Our actual leader was about 12 feet of 300-pound test Sufix fluorocarbon, with two light-sticks and a battery-powered light attached to the system. The illumination within the darkness attracts squid, baitfish and swordfish.
We used VMC 8705TI, 11/0 hooks. Because of the great depths, Gulf Stream current and swordfish assaults, bait durability is critical. Strips of bonito and dolphin bellies are excellent, as they remain on the hook(s) through such abuses.
We baited mostly with a bonito strip, and, occasionally, a large squid. A small skirt was slipped over the baits to deflect the current and preserve their integrity. Scent is also crucial in attracting swordfish, so the freshest baits are a must.
The Elec-Tra-Mate assist
As mentioned earlier, this is primarily an electric reel fishery. Yet, Steve Huddleston and I wanted to use traditional hand-crank reels.
However, given the amount of line in the water and 10- to 12-pound weights, it would be labor and time intensive, if not impossible, to manually reel up the rig from 1,800 feet. To save my strength for a swordfish fight, I used an Elec-Tra-Mate assist when it was time to retrieve the bait to make another drift.
This device, which plugs into my boat's power supply, was designed specifically for such deep-dropping endeavors. It utilizes an attachment called a "Reel Crankie" to affix onto the hub of the reel handle. When it's time to bring up the bait, attach the drive to the reel hub and simply hit the "on" switch. All you do is level wind the line onto the reel. It is an alternative to purchasing a complete electric fishing outfit.
When we reached our spot, I aimed my boat due south into the northbound flowing Gulf Stream and throttled up to about four miles per hour, just enough to overtake the current. Steve free-spooled the bait until the 100-foot mark came up, much like letting out a trolling bait.
I then shifted into neutral as Steve clipped on the 12-pound weight and carefully laid it into the water. I resumed my speed, and he continued to pay out line. When the 300-foot mark came up, I increased my speed another couple miles-per-hour.
By now, the sinker and rig was stretched out and sinking, without the threat of the leader fouling in the fishing line.
Once the 1,700 foot mark came up, I shifted into neutral, and then backed down toward the line, while Steve wound it onto the reel. Once the line was straight up and down off our transom, I shifted one motor into forward to hold our position.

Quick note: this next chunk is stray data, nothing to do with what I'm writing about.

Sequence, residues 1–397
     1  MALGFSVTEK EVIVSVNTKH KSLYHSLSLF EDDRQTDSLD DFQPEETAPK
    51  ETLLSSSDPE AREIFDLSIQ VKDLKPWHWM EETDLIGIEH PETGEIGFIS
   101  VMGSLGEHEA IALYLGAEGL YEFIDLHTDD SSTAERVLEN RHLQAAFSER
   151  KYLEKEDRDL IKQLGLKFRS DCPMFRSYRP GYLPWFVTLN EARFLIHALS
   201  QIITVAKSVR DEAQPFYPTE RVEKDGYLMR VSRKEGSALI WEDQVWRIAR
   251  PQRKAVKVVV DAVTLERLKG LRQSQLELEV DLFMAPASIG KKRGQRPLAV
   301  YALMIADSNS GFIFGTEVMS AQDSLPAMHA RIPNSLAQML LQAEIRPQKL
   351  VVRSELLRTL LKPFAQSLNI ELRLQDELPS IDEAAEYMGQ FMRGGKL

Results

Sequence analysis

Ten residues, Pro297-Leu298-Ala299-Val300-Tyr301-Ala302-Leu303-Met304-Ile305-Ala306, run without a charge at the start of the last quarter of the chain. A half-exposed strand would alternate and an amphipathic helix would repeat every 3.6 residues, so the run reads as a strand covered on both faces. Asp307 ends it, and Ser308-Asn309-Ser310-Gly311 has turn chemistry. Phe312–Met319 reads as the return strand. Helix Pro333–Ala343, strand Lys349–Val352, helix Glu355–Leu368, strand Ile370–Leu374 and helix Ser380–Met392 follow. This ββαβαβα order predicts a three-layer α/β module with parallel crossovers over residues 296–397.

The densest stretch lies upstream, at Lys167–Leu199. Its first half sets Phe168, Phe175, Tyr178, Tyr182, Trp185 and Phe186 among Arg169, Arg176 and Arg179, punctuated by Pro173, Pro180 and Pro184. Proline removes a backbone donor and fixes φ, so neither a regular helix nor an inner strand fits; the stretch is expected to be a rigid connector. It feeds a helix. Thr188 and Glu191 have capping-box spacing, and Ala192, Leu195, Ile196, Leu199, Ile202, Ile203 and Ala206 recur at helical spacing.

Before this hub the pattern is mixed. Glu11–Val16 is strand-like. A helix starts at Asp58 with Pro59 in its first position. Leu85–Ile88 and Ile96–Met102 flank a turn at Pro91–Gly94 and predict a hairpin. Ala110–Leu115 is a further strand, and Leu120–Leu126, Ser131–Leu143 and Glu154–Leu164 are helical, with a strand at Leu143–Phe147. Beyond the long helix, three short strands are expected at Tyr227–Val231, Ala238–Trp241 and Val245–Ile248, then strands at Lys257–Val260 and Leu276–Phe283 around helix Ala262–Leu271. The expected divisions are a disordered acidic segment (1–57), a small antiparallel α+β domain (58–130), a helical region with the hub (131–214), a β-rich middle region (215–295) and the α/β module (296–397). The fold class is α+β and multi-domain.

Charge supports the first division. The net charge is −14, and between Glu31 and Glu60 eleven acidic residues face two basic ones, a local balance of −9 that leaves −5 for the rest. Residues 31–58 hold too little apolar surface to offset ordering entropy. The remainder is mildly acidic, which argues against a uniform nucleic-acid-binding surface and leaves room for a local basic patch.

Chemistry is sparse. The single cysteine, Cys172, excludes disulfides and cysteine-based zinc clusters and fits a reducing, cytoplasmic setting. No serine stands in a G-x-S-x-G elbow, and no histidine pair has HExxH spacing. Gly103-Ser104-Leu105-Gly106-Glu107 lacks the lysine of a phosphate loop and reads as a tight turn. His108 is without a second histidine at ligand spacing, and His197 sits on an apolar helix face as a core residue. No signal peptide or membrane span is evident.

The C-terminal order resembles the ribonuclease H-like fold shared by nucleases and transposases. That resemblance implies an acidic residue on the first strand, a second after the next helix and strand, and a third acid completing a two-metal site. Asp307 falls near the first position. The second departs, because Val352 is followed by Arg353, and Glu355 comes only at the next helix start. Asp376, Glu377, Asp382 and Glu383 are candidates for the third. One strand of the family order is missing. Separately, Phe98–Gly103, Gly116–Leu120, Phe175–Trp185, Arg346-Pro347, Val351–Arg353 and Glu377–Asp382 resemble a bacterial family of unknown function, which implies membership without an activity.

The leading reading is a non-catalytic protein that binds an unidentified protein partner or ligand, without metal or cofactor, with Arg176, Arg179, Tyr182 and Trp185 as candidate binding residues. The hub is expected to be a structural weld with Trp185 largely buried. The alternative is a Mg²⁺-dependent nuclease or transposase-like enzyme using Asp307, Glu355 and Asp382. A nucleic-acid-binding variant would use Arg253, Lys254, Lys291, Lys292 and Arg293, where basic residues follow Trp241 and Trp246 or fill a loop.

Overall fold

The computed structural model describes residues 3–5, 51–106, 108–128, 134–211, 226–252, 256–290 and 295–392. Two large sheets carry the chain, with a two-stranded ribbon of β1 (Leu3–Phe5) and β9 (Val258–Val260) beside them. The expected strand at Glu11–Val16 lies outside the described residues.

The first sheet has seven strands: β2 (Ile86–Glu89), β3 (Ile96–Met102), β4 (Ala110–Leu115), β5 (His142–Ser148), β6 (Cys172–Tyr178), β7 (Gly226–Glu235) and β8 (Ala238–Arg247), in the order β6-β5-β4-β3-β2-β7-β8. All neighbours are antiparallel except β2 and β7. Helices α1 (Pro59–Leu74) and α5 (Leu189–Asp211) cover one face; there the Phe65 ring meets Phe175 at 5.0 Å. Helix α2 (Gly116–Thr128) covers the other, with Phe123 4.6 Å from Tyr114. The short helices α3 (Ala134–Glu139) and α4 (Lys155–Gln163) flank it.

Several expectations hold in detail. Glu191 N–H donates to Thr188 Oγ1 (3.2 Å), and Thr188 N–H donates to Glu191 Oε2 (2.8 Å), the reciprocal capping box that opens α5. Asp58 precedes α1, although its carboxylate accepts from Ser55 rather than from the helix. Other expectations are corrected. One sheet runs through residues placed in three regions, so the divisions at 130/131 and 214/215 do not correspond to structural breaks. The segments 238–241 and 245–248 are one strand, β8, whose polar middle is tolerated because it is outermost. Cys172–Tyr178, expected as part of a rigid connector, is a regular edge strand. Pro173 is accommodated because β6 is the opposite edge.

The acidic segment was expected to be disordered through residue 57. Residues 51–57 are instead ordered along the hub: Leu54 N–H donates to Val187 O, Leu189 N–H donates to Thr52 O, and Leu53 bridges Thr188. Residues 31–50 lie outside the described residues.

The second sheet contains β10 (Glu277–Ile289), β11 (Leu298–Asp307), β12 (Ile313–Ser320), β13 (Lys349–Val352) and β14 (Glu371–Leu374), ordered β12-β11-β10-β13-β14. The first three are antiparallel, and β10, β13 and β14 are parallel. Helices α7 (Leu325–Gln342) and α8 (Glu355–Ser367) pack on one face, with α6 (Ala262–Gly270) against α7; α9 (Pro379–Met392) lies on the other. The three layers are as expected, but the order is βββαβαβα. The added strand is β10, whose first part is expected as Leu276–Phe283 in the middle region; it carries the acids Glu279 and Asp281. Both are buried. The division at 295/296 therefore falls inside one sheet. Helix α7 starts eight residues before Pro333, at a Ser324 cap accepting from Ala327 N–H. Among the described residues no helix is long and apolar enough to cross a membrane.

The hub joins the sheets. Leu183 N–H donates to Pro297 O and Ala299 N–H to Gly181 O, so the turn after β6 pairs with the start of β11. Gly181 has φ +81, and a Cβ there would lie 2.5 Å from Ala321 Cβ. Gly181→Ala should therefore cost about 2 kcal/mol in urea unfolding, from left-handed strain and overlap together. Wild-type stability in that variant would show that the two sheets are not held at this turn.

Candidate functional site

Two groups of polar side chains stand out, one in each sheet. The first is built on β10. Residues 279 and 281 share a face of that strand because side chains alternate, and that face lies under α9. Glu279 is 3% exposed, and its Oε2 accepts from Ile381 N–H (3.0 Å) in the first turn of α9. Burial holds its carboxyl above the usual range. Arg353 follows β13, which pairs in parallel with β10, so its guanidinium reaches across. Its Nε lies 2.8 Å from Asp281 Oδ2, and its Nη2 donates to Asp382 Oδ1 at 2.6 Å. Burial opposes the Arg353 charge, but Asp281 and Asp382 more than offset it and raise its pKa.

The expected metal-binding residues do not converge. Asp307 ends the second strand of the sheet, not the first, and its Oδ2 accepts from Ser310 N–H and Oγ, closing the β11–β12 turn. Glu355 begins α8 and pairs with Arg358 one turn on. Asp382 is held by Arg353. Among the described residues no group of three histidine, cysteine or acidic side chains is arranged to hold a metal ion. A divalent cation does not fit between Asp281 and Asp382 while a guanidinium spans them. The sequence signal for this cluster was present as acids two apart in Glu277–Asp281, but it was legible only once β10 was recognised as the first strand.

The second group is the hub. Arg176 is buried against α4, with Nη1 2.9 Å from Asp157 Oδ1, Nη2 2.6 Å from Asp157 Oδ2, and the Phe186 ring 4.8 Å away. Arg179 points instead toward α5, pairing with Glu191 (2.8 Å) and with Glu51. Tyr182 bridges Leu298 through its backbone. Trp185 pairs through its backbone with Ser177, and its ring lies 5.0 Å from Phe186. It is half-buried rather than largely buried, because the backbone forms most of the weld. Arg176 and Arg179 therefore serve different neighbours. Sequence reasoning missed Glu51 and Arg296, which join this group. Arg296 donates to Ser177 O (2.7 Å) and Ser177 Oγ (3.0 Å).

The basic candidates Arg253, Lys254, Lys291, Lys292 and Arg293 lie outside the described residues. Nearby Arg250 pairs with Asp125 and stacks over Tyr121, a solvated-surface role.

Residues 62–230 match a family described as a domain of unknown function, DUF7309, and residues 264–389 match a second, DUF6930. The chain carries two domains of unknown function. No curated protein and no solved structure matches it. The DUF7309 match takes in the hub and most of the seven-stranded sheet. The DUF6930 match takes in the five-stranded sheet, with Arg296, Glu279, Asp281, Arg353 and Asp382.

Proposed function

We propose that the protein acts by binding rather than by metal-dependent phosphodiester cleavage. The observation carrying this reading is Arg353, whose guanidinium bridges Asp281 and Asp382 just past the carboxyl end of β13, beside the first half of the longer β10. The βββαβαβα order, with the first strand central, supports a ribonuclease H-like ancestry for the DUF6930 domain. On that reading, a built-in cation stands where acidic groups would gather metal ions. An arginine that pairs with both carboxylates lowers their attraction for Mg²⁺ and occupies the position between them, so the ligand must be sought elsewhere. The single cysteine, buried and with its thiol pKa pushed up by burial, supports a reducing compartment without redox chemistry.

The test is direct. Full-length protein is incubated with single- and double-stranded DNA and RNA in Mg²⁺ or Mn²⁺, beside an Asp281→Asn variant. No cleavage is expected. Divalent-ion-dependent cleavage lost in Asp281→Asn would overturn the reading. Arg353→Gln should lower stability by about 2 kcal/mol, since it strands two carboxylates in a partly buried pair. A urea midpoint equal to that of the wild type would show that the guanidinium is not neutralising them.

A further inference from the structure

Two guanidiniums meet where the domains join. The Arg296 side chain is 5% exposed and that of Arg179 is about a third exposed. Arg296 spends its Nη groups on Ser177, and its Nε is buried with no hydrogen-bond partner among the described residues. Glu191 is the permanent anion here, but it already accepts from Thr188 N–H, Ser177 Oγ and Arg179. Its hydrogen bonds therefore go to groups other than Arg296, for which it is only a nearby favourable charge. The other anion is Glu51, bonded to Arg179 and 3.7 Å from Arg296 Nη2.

Steve freespooled the reel until the weight hit bottom 1,800 feet below. He then immediately took 20 turns on the reel handle, raising the sinker high enough to keep from snagging bottom. At this stage, we stemmed the current, just enough to keep the line straight up and down, and occasionally freespooled to reacquire bottom, to make sure our bait was fishing within 100 feet of it.
A swordfish strike often appears as a subtle "tap, tap" on the rod tip.
When that happens, let the fish pull the rod tip to the water, and then just wind-on line — if you can! It should be hooked. A hooked sword should swim up through the water column, as did each of the four fish we caught on this outing.
During each encounter, I got into my belt and harness and reclaimed line. The real fighting began when each fish reached the surface.
Toward the end of each fight, I'd reel up the weight and Steve would reach out and quickly remove it (it was placed in a bucket). In short order, Steve would bill a beauty of a swordfish, and release it. We did, however, gaff one, which we brought home to provide a few dinners.
Fort Lauderdale too!
For the type of action Steve Huddleston and I found, one would think they'd have to travel to Venezuela or some other remote fishing destination.
Think again! All this is happening right off Fort Lauderdale. We could see the buildings as we fished for swords that day. And the restaurants, entertainment and beaches within the greater Fort Lauderdale area are known the world-over.
So, after catching a daytime swordfish, the sporting way, you can take the family out for a quality dinner and fun evening.
The Hilton Fort Lauderdale Hotel and Marina sits less than a quarter-mile inside the Port Everglades Inlet. Even better for out-of-town anglers trailering their boats here, it is right across the canal from the 15th Street Public Boat Ramp.
World-class swordfishing right off a vibrant city — it doesn't get any better than this!
Steve Huddleston is available for charters — on his boat, or yours. He can be reached at 954-562-0051, or at CaptPumpkinEater@hotmail.com.
For more on "George Poveromo's World of Saltwater Fishing," visit www.georgepoveromo.com.